Both railway and forestry have a rich history in the Prince George Area. We are located at the intersection of two historically significant railways. The Grand Trunk Pacific (GTP), running from Eastern Canada to Prince Rupert, reached Prince George in 1914. Shortly after, in 1923, this railway was absorbed into Canadian National Railways (CN/CNR). The Pacific Great Eastern (PGE) began construction in 1912 with the goal to connect Southern British Columbia to the North. Due to financial and engineering challenges, the railway remained incomplete until 1952 when it finally reached Prince George. Acquired by the provincial government in 1918, this railway was renamed in 1972 to the British Columbia Railway (BCR).
Forestry operations surrounding Prince George have been just as prolific. Starting in the early 20th century, the landscape of Central British Columbia became dotted with numerous small saw and planer mills. While several of these operations survived and grew along the rail lines that shipped their product, many faded as quickly as they had begun. After WWII, there was a new invigoration to the local industry as whole operations were moved to the area from the prairies.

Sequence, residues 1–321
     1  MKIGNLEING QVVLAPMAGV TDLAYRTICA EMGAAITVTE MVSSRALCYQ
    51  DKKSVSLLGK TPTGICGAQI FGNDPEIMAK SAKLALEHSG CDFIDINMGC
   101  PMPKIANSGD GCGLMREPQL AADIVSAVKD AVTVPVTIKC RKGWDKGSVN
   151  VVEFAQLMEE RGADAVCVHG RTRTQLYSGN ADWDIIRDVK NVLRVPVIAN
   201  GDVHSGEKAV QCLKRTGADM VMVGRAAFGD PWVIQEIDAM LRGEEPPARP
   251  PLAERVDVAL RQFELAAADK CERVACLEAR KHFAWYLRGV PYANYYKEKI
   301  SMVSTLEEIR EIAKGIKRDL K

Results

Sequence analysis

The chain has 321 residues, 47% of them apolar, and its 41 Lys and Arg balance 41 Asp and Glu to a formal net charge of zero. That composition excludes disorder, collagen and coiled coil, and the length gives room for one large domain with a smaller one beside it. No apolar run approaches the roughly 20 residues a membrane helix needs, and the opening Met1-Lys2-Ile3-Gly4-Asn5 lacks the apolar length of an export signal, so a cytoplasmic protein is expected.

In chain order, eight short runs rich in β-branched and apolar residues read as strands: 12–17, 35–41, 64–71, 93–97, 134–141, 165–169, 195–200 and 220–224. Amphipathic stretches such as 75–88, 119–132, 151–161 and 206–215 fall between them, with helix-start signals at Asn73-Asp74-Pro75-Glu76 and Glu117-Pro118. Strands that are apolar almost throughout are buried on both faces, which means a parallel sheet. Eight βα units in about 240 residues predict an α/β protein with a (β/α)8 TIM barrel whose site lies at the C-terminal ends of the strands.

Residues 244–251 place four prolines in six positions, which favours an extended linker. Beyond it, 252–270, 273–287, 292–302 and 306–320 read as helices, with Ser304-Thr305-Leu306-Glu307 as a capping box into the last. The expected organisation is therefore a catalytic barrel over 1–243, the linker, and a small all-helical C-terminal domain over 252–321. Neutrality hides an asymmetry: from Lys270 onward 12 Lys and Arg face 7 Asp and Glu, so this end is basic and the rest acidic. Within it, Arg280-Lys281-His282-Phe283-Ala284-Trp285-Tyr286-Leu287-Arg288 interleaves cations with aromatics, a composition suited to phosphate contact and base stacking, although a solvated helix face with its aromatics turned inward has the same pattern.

The Museum grew from the efforts of six local residents who undertook the restoration of a wooden 1903 Russell railway snowplow. In the past the snowplow had belonged to Northwood Pulp and Timber Ltd who had purchased it from the PGE. At this time, it was discovered that there was a considerable amount of railway equipment of historical value that was about to be discarded by the Railways. This equipment was of interest to local residents and visitors alike, and there was sufficient community support for a Museum.